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7.2: Physical Properties

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    Identifying a mineral is a little like playing detective. Minerals are identified by their physical properties. For example, look at Figure 7.2. How would you describe it? You may say that it is shiny, gold, and has a particular shape. Each of these descriptions is actually a physical property (shiny=luster, gold=color, shape=crystal form). Physical properties can vary within the same minerals, so caution should be applied. For example, color is a property that is not a very realistic diagnostic tool in many cases. Quartz is a mineral that comes in a variety of colors, as evidenced by Figure 7.3. Occasionally color can be helpful, as in the case of the mineral olivine. Olivine is said to be “olive green” (a light to dark green) as seen in Figure 7.4. Make sure you use caution when using color to help identify minerals. We will cover each of the physical properties in detail to help you identify the minerals.




    Hardness refers to the resistance of a mineral to being scratched by a different mineral or other material and is a product of the strength of the bonds between the atoms of a mineral. Whatever substance does the scratching is harder; the item scratched is softer. Hardness is based off a scale of 1 to 10 created by a mineralogist named Friedrich Mohs (Figure 7.5). Mohs’ scale lists ten minerals in order of relative hardness. Each mineral on the scale can scratch a mineral with lower number. Your mineral kit comes with several items of known hardness. The glass plate has a hardness of 5.5, the iron nail has a hardness of 4, the copper wire has a hardness of 3, and your fingernail has a hardness of 2.5. If you can scratch a mineral, then it would be softer than your fingernail, so therefore its hardness would be <2.5. When trying to scratch a surface, use force, but be cautious with the glass plate. ALWAYS lay the glass plate on a flat surface rather than holding it in your hand in case it breaks. Do not confuse mineral powder with a scratch – use your finger to feel for a groove created by a scratch (mineral powder is left behind when a soft mineral scratches a harder surface). Materials of similar hardness have difficulty scratching each other, so that, for example, your fingernail may not be able to always scratch biotite mica, which has a hardness of 2.5.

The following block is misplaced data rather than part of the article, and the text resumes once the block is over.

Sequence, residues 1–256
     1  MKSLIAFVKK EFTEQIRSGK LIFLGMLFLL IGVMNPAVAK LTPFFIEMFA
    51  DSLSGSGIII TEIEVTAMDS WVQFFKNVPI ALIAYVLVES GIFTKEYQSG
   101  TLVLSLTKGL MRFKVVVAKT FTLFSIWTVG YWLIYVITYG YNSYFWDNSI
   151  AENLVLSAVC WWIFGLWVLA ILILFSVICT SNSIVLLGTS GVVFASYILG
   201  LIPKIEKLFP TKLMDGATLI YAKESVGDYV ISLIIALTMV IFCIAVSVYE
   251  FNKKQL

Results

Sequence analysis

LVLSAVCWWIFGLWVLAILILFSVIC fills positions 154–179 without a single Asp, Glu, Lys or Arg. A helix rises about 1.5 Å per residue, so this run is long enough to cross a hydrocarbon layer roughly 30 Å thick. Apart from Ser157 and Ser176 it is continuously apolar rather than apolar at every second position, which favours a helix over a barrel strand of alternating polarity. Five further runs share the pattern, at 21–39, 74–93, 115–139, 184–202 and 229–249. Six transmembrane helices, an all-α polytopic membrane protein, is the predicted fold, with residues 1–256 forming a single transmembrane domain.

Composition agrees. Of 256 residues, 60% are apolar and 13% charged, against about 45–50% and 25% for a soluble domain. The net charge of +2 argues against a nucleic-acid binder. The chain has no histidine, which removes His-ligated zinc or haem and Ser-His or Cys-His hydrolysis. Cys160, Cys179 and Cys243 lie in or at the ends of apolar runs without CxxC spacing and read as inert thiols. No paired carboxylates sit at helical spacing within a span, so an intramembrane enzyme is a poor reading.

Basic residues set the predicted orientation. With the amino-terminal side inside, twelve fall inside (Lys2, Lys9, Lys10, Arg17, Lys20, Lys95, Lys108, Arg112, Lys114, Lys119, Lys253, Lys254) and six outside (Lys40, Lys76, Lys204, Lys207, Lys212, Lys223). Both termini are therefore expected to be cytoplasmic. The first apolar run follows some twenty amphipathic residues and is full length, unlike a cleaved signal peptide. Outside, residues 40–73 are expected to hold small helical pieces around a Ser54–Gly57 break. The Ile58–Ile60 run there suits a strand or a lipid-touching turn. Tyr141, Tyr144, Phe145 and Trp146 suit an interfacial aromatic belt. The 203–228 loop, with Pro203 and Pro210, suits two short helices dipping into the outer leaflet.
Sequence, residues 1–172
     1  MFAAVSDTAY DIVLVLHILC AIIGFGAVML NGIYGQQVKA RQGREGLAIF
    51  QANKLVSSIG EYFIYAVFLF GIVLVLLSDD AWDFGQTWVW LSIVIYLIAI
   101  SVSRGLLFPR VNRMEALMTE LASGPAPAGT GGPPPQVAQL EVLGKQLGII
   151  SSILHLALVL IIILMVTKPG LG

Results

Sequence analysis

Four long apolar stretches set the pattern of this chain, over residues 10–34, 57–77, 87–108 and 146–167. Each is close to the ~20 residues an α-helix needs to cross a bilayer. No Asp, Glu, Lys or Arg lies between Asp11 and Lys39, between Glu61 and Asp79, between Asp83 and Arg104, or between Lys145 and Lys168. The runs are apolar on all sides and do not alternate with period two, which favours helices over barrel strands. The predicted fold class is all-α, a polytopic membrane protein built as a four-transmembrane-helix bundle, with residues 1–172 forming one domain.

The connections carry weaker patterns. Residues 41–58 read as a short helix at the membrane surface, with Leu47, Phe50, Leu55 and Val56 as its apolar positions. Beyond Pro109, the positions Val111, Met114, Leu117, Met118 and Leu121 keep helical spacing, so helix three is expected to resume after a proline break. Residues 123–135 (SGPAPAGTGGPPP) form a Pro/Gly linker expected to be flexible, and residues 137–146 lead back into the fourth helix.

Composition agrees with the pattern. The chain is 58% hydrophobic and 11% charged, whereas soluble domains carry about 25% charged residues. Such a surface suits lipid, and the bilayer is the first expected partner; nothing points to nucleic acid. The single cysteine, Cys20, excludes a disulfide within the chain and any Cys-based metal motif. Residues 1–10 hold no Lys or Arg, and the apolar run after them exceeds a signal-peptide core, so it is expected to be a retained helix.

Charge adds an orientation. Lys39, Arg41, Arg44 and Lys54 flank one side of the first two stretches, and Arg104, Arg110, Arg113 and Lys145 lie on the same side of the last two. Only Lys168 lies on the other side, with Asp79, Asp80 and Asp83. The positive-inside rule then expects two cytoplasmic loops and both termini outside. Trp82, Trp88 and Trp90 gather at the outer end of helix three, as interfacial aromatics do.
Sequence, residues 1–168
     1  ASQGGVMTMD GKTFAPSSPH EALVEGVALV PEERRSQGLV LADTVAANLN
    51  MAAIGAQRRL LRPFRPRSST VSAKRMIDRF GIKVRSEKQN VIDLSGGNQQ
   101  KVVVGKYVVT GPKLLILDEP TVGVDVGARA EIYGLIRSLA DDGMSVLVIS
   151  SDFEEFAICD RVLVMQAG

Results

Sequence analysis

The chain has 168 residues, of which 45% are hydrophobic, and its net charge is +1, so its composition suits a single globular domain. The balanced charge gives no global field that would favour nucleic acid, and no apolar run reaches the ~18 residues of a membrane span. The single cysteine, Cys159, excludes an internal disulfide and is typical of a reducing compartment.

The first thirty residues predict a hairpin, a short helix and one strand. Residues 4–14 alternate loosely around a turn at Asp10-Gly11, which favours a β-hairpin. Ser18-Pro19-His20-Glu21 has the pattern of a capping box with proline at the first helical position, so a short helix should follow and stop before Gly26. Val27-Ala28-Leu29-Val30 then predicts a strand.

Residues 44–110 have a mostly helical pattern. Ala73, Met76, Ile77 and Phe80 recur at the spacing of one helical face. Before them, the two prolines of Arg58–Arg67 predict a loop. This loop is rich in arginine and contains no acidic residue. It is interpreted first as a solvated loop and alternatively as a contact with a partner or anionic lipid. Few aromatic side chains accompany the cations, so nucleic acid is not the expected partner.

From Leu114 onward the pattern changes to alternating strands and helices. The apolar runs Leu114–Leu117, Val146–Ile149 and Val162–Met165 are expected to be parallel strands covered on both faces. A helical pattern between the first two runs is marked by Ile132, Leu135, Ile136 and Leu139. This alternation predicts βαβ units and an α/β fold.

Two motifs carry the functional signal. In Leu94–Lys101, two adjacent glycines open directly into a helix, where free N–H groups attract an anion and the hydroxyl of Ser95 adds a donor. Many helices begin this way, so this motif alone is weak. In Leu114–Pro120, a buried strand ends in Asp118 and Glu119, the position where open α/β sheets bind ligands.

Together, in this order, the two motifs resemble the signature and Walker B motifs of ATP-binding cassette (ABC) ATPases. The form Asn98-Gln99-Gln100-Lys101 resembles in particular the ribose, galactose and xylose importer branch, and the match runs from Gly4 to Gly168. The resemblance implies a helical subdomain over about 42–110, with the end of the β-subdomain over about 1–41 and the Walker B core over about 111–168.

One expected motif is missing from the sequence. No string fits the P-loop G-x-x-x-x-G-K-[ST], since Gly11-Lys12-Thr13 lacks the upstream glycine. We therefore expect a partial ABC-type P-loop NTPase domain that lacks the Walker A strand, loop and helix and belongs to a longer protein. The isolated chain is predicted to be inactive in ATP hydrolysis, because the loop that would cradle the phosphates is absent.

Number Mineral Hardest of Test Kit Items
    1 Talc (softest mineral)
    2 Gypsum 2.5 – Fingernail
    3 Calcite 3 – Copper Wire
    4 Fluorite 4 – Nail
    5 Apatite 5.5 – Glass Plate
    6 Orthoclase Feldspar  
    7 Quartz  
    8 Topaz  
    9 Corundum  
    10 Diamond (hardest mineral)



    7.2: Physical Properties is shared under a CC BY-SA license and was authored, remixed, and/or curated by Deline, Harris & Tefend.

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